The Philosopher’s Song —
Immanuel Kant was a real pissant
Who was very rarely stable.
Heidegger, Heidegger was a boozy beggar
Who could think you under the table.
David Hume could out-consume
Schopenhauer and Hegel,
And Wittgenstein was a beery swine
Who was just as schloshed as Schlegel.
There’s nothing Nietzsche couldn’t teach ya
‘Bout the raising of the wrist.
John Stuart Mill, of his own free will,
On half a pint of shandy was particularly ill.
Plato, they say, could stick it away
Half a crate of whiskey every day.
Aristotle, Aristotle was a bugger for the bottle,
Hobbes was fond of his dram,
And Rene Descartes was a drunken fart:
“I drink, therefore I am”
Yes, Socrates, himself, is particularly missed;
A lovely little thinker
but a bugger when he’s pissed!

Question is, is Ian from Doncaster ?

Piers at Monkey Magic made a positive reference to Maslow, being valuable because he’d studied successful / advantaged people, and therefore his psychological outcome was inherently more positive, looking toward progress, rather than wallowing in “failure” or “sick psychology”. Part of my “Criticisms of Maslow” memewatch.

Of course muggins here, didn’t spot that was Piers’ point when I first read it. See the comment thread on Piers’ post.

Hofstadter’s GEB has a thread – his eternal golden braid I guess – on strange loops from the outset, mathematical, visual and musical at the obvious level of his title, and clearly from the content, he’s leading to the idea of emergence of “intelligence” from multi-layered (recursive, cyclical) patterns of complexity.

I noted a clear strategic / tactical game-theory angle in the “evolutionary” cycles of development. Whether it’s the mathematical quest for a model to completely contain all others, or a record player to play all records designed to break it (GEB shows its age there), or a model that humans know more than any formal system can, or the game between advertisers “honesty” and their target audiences, or a bio-evolutionary battle for survival, they are all battles of (metaphorical, anthropomorphic) wits. The key point that at any given “level” of current strategy, it’s a matter of trading tit for tat tactics, until either side finds a different strategy, and moves the game on a level. The other side may intially cry “foul”, but must find a new tactic that acknowledges the new strategy. Strategy continuously leap-frogs tactic, until it finds itself to be just another outmoded tactic in the face of a new strategy. It’s an inevitable driver for evolution.

The aspect that creates the drive is the desire for a “response” that is the response to beat all responses. ie it accomodates all previous responses, but for good measure claims to include the defintion of (or response to) itself, so that no further response can trump it. It really is the Russelian set of all sets vs Godel’s incompleteness. You can’t win, but you can’t step out of the game either. (NB out of the “frame” … frame analysis here, and a Pirsigian connection too, and for me the original metaphysical “bootstrapping” problem.)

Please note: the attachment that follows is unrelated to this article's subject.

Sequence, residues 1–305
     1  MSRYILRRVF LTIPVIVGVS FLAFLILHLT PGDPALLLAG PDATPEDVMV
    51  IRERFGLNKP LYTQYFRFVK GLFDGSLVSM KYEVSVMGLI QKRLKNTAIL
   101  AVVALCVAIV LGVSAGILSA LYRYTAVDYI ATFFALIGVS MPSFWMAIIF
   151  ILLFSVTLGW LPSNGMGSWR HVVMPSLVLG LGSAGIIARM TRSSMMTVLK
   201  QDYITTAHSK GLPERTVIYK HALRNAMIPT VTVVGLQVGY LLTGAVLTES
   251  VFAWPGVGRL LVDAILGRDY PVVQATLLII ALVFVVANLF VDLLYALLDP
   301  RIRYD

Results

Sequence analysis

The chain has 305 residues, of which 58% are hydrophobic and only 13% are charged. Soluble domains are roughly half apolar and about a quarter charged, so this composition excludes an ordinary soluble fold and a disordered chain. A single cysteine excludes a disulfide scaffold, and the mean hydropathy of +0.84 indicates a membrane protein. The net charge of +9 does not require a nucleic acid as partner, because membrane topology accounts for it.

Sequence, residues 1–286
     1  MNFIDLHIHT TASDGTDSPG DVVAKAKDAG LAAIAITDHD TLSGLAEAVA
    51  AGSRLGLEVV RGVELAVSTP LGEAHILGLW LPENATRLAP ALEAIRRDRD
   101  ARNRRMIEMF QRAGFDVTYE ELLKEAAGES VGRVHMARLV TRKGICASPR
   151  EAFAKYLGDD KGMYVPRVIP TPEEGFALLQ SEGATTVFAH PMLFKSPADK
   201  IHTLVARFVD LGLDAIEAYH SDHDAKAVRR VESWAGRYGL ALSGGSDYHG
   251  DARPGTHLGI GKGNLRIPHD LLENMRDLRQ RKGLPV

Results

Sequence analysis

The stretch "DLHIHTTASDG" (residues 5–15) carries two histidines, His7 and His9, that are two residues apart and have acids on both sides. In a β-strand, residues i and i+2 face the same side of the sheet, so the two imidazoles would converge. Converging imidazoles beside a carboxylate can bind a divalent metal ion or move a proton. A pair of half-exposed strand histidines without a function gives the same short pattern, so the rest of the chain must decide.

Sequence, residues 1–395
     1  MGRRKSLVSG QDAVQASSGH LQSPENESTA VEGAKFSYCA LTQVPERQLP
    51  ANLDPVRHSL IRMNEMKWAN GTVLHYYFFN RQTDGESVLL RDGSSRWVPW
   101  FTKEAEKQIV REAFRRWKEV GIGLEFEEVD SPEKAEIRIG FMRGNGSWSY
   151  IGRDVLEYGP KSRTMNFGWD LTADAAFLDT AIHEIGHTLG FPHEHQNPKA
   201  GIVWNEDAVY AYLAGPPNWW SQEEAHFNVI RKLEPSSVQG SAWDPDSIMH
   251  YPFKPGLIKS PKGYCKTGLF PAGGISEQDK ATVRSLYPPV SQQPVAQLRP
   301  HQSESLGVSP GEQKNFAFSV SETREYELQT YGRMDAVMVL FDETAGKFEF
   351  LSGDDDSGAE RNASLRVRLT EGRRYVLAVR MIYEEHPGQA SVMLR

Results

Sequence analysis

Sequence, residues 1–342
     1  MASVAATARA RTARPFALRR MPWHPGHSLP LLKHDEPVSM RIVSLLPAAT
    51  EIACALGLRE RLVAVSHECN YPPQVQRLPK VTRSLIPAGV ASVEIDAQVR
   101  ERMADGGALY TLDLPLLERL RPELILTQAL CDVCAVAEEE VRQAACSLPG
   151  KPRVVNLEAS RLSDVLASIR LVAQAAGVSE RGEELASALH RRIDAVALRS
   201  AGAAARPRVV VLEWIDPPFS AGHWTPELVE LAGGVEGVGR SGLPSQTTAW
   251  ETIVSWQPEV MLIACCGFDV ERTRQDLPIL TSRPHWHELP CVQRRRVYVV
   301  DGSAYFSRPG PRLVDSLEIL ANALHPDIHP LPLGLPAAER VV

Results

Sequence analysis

Two other corollaries …

(1) The problem is when you give the concept, “the idea of the mother of all responses” a name, a definition. because you are always then back in the linguistic game. Any conceptual high ground is lost. (Hence the attraction of Zen, at least as a concept, if not a solution ;-))

(2) Talking of mothers, it is also in fact a manifestation of a conundrum that I’ve called the parent / sibling problem in classification / ontologies. Supertype is called “a widget”; a popular subtype is also commonly known as “a widget”; a less common subtype (of the supertype) is also a widget by inheritance, but is usually know as a “special widget”. Special widget gets very confused about the identities of its mother and sister. (Also the “I am my own Grandpa” variation on that theme.)

The really attractive positive conclusion of all this … there can never be a complete formal model of everything or a metaphysics with solid foundations and defences … get used to it … forget that, but do we really have “mechanism” to explain the emergence of intelligence from physical patterns ? Wow.

[Post Note : Of course this links directly to the “learning organisation” and “theory in use” cycle stuff in the original business context in my dissertation – low-level adjustments within the current “model” as loops within higher loops of “strategic shift”. Bullshit baffles brains, but that doesn’t make it wrong.]

Apart from historical education as museum pieces (which is fair enough), why would anyone want an on-line slide-rule, several on-line slide-rules in fact ?

I remember using one for real, but not beyond high-school and university days, when electronic calculators became widespread. Also remember finding one in an old briefcase about ten years ago and trying to explain to the kids how to use it. I could just about remember how to multiply two numbers, and reverse to divide, but that was about it.

Another example of the breadth of things Jorn gathers together on Robot Wisdom. Only Rivets comes close in my experience.